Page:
<h:messages id="messageList" />

We will need that so jQuery knows where to looks for messages.

7. jQuery code to cleanup JSF messages and apply field level styling

The jQuery snippet (well plain JS too) is where this all comes together. We iterate through all the

  • elements in the
      element with our messages ID. Each list item may be a field message, and have the format “field_name:message to show user”. We check for a colon, and if present split on that as a delimiter, getting an id in the first bucket, and the message in the second. We can then apply styling to a field matching that id before finally fixing the ID to contain spaces, and showing the complete message to user.

      $('#messageList li').each(function(i) { // for each li in ul 
              var id=$(this).text().split(':'); // split on colon
              if(id.length>1){ // if field id was present, go to work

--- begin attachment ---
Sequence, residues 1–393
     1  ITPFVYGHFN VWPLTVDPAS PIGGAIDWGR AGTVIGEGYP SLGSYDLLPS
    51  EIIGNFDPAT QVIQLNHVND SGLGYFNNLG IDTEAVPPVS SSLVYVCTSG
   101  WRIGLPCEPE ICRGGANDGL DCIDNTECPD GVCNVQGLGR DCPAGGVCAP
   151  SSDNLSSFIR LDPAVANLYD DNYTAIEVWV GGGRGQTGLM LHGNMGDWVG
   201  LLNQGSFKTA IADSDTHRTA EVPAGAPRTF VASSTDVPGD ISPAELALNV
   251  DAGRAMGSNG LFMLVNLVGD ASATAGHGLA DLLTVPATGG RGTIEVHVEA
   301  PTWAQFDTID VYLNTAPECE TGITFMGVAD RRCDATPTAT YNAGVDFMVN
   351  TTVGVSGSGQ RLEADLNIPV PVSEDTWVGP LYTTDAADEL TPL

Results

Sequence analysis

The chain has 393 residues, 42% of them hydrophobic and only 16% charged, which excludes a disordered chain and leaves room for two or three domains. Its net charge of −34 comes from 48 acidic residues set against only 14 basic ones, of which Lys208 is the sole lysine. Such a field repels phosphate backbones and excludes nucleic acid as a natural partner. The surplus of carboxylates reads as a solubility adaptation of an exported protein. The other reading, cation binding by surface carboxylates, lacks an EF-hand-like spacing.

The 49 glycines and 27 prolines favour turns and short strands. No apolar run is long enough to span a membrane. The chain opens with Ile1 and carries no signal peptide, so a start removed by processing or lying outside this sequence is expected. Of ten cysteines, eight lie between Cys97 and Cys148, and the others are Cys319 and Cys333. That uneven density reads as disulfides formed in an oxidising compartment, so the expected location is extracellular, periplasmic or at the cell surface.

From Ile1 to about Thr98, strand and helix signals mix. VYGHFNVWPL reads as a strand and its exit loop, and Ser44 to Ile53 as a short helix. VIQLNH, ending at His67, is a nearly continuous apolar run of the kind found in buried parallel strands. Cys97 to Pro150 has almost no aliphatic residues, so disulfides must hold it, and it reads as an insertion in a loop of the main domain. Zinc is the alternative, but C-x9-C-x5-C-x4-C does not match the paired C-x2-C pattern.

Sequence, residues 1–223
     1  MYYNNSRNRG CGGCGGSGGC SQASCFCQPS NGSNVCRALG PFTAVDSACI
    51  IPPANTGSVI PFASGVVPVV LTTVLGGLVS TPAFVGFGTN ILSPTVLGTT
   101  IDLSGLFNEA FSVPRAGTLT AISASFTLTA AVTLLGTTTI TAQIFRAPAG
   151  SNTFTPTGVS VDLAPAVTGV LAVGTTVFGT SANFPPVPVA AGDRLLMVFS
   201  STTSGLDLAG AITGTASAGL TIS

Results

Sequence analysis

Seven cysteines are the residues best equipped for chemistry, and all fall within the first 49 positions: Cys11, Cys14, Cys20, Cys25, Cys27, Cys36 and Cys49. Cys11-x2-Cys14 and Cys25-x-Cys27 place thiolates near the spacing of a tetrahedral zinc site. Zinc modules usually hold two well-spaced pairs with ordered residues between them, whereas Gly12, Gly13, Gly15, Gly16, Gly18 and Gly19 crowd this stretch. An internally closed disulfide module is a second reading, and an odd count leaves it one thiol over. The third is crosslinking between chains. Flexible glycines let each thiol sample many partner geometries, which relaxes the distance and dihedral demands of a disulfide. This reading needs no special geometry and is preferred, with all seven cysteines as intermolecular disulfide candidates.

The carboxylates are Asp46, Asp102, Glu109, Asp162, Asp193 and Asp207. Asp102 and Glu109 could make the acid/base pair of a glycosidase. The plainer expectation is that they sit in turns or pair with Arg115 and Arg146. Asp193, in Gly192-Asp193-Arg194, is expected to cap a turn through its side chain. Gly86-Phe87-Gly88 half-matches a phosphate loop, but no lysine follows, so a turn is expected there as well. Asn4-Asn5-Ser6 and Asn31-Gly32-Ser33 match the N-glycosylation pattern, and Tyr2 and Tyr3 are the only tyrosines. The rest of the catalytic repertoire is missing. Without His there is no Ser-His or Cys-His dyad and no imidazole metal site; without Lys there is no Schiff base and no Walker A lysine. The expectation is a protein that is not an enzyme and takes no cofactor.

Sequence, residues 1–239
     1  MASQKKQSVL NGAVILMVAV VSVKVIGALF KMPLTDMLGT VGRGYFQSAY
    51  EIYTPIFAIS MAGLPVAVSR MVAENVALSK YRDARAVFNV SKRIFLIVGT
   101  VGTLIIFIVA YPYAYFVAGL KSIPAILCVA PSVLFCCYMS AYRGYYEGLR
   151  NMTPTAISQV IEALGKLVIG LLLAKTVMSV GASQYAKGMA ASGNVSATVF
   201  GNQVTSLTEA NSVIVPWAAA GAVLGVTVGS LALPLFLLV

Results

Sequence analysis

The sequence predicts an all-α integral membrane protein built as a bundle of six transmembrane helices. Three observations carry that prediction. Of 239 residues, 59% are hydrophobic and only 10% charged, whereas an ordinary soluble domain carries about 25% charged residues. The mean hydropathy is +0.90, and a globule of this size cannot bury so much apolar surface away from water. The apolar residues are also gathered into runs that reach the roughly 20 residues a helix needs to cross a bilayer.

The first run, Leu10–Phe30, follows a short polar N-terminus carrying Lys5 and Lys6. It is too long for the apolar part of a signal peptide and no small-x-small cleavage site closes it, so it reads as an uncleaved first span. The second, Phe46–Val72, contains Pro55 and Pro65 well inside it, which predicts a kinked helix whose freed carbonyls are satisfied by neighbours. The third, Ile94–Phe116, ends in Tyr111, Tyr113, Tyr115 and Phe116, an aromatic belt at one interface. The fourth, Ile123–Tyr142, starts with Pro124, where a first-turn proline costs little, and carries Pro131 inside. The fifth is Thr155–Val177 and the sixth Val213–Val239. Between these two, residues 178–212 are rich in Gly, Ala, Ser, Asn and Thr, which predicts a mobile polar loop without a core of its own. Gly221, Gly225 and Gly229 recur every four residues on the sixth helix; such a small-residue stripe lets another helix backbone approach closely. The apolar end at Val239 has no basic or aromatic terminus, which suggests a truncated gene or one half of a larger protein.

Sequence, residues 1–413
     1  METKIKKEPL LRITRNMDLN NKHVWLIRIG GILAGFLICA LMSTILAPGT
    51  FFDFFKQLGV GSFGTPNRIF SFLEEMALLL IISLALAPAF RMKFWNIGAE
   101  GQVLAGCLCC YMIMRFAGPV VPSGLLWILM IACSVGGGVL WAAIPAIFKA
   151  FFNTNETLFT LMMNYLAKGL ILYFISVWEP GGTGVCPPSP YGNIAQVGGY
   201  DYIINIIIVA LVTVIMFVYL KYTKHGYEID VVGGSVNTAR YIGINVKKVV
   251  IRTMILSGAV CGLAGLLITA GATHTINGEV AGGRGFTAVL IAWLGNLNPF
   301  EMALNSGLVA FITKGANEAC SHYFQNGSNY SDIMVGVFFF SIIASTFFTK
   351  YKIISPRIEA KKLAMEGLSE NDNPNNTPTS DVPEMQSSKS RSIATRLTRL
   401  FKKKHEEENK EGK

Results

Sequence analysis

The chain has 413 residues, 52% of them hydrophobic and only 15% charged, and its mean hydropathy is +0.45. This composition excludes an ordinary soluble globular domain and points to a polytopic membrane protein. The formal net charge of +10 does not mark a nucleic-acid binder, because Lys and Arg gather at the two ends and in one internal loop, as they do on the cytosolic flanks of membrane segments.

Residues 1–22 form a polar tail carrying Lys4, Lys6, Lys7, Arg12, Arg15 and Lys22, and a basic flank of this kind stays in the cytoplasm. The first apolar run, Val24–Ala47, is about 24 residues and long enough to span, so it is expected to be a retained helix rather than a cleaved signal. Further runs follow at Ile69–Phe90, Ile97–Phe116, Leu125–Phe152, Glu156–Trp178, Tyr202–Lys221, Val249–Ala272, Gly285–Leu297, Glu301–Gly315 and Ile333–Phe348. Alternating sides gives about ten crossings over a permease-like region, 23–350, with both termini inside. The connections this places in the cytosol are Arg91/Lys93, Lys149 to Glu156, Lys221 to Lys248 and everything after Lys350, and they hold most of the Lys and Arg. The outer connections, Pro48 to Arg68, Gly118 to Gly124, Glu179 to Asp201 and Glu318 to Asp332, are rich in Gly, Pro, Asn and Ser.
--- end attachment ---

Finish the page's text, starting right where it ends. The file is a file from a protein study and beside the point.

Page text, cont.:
$('#'+id[0]).css('color','red'); //make faulted field fonts red
                      $('#'+id[0]).css('border-color','red'); // make faulted fields border red
                      id[0]=id[0].replace(/_/g," "); // replace any "_" with spaces
                      $(this).text(id[0] + ' ' + id[1]); // make new message the nicer way

      8. What if I can’t use prependID=”false” ?

      IF you can’t or do not want to use that attribute, make the following changes:
      *Prepend the form’s Id to your messages (ex: “jidt23:First_Name:Message to user”)
      *Adjust jQuery to use buckets 1 and 2 sperated by a colon for the field id (jidt23:First_Name), and then discard 1, run replace on 2, and show 2 and 3 as the message (First Name is required).

      9. Summary

      That’s it! it turned out to be quite simple, and we were able to refactor our existing application of about 25 pages (cleaning up field ids and error messages) is less than 2 hours.

  • 16 Responses leave one →
    1. Mario permalink
      December 1, 2010

      Hi, thanks for sharing the code!

      I have a doubt , where must I put the Jquery script?

    2. Eddie permalink*
      December 15, 2010

      I stuck this code in my footer element. Any place after the html elements it effects should be fine.

    3. Sudda permalink
      February 13, 2011